I came up with the tale of the lobster who finds her way into a forest - where she encounters a red-eyed monster and ends up saving a wolf from a horrifying fate - while I was working on Heidi Dahlsveen's metaverse project,
"LRRH: The other side of the story." 

My story is incomplete and is likely to remain that way since I would need to take many more photographs that depict how it unfolds. This I can no longer do since the enchanted forest that I set the tale in no longer exists in-world in SL. Who knows, I may one day rezz the stuff and do it, but for now, probably not.

I slowly concocted the story while I was building, and it came out of the visual material from which I had made the forest floor and the foliage, these being Ernst Haeckel's biological drawings. And, as it happened, I had previously used one of these drawings, Decapoda, to make an avatar costume. So, what was more natural than that when the time came to take some photographs of the forest I placed an avatar dressed up as Decapoda in the scenery. From there it was not much of an imaginative leap to get Decapoda to become the hero of the tale.

The villain however is LRRH herself, and to show how utterly horrifying she is, I dressed her up as a dark, robotic creature who is festooned with a huge collar of abstracted, transparent wolf cadavers that is coordinated with a dark red glowy carapace. But not only should her attire be scary. I also spent quite a bit of time giving her a face that is scary. Beautiful, yes. But also smug, supercilious, evil. And the red eyes certainly don't help much either.

"Decapoooodaaa... Ssshhh, Decapoda... I'm over here..."

"Welcome to our forest Decapoda!"

As said, the story is incomplete. But, if it were to be told in full, what would happen is that Decapoda would stand up to the human monster, and ask her to release the wolf who has been impaled upon three arrows after his stomach was filled with rocks. Naturally, LRRH who as a human being has far more resources than a mere lobster, would proceed (and almost succeed) to kill her adversary: Not only is Decapoda a pain in the ass, nothing more than an ugly 'other,' but she is also of course very tasty when served as 'Lobster Thermidor.'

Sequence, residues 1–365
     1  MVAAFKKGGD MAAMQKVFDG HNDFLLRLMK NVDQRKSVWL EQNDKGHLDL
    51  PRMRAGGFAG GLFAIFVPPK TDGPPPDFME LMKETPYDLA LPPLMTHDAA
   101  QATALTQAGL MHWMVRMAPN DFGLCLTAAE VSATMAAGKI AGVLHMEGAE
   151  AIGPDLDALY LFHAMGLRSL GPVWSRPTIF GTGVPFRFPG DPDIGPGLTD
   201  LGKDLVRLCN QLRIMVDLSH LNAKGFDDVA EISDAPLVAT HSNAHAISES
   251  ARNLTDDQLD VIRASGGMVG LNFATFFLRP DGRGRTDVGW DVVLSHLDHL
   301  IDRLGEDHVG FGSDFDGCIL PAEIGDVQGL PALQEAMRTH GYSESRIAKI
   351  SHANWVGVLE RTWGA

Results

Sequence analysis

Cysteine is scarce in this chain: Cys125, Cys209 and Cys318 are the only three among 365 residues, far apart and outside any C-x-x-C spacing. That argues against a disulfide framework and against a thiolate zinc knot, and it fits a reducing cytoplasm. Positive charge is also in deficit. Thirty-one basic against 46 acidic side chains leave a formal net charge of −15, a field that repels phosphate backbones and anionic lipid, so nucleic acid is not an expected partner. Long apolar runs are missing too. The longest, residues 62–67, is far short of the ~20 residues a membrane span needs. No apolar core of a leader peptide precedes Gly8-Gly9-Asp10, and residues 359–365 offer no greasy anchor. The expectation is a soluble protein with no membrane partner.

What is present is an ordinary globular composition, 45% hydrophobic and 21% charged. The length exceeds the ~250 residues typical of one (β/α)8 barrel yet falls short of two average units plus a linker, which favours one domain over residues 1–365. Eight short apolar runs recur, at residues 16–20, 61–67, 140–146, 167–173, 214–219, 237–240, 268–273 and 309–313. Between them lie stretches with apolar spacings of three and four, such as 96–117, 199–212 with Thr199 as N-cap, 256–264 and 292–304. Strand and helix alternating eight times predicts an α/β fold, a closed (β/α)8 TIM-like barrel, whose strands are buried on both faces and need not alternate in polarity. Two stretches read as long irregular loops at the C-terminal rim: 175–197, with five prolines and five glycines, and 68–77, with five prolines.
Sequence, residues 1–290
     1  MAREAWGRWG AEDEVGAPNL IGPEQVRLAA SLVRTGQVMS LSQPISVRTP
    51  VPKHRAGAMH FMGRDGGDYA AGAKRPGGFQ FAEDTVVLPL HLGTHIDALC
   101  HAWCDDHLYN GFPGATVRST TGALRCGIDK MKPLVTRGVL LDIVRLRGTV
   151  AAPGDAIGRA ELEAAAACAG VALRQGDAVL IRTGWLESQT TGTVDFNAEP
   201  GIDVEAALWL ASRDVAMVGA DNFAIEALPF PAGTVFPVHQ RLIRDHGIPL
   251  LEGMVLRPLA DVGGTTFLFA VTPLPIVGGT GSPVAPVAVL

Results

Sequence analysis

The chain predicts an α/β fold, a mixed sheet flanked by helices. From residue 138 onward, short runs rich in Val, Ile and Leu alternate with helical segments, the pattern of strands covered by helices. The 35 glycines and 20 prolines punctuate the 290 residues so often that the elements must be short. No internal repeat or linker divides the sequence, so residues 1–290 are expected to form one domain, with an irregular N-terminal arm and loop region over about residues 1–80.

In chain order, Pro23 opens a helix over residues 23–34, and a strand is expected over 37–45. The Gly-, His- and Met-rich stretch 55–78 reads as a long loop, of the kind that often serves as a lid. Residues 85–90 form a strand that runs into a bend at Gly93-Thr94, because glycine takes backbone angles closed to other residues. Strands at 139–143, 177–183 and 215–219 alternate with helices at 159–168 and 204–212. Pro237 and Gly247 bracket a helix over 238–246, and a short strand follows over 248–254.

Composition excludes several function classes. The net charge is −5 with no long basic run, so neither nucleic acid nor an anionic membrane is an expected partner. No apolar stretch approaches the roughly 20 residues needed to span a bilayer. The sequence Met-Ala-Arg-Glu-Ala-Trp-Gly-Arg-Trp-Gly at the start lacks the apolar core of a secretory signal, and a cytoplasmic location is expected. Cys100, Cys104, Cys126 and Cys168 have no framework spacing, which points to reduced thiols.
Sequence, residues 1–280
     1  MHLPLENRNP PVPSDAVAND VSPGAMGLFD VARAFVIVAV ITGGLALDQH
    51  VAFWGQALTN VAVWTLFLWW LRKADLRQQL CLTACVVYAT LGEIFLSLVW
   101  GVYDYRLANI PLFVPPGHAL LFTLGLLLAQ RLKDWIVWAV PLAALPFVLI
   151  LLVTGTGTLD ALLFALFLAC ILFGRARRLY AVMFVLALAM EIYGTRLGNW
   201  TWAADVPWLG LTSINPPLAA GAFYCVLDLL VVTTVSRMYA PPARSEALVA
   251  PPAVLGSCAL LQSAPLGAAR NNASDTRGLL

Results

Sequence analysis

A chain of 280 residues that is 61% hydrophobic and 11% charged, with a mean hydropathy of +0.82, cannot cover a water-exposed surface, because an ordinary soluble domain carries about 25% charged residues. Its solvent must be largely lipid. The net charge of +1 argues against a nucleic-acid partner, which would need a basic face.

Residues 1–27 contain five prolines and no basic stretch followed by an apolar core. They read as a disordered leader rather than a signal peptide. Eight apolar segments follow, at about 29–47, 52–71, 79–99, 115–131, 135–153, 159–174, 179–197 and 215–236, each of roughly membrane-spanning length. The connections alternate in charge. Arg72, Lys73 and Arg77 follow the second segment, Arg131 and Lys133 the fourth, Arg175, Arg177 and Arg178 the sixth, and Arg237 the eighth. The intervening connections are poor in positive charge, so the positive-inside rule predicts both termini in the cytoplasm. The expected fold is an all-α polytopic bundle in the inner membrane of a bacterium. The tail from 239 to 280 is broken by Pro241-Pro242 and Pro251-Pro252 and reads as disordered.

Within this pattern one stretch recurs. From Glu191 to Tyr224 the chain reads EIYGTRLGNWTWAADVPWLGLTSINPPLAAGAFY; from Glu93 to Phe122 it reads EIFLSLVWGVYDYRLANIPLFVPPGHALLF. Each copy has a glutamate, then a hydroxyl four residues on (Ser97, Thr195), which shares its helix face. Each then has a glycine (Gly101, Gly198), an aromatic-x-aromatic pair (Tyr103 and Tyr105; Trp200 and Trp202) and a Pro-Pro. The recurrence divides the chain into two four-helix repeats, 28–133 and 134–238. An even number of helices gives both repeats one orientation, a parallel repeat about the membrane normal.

"A bit out of your way, isn't it, this place? (You being a lobster and all, I mean?)"

"And yes - I'm afraid things do get done away with around here... Lobsters too, by the way. Especially lobsters, one might even say. Verrry tasty I am sure you are, my dear... LOL"

But, just when things start looking really bad, Decapoda lets out her death whistle. The whistle is heard in all the oceans and her friends, an army of lobsters, move in to help. They pinch and maul LRRH to the point where she has to capitulate and lets the wolf go. And furthermore, she is handed over to Greenpeace, where she is serving a life sentence as an activist for animal rights onto this day. The wolf however is delivered into the safe-keeping of Mrs. Wolf, and we last see the happily reunited family as they depart into the depths of the forest - Mrs. Wolf in full steam about all the capers that her husband manages to get himself into the second that her back is turned! What was he thinking for God's sakes? And him with a family to support!

Although I do not have enough photographs to complete the tale, I nevertheless decided to make a flipbook out of the little that I do have. And, as I was putting the stuff together, I found that I was drawn to make an ornate, nostalgic sort of book. A bit like a Victorian fairy tale book. Also a bit scary, as Victorian children's books often are.

The reasons as to why in my version of the tale LRRH is a monster and the animals are the heroes are in the text of the flipbook. This text I wrote as a blog post while I was still building the forest, so, it can be read as a straightforward entry here,
should you prefer to do so.

My tale can be critiqued in many ways: First off, it is incomplete. It is misanthropic and yet anthropomorphic. I do not take into account any of the many layers and levels of the original story. I completely bypass all the social and gender issues that are at its essence. In fact, I am very disrespectful to the tale of Little Red Riding Hood: I destroy it to make a completely different point to the one that is in the medieval story, or the one that Charles Perrault re-wrote to edify his Baroque audience. This is why I no longer call what I cobbled together "LRRH: The other side of the story" but instead there is now this new name that tells us that one fine day a nosy lobster ended up in an enchanted forest...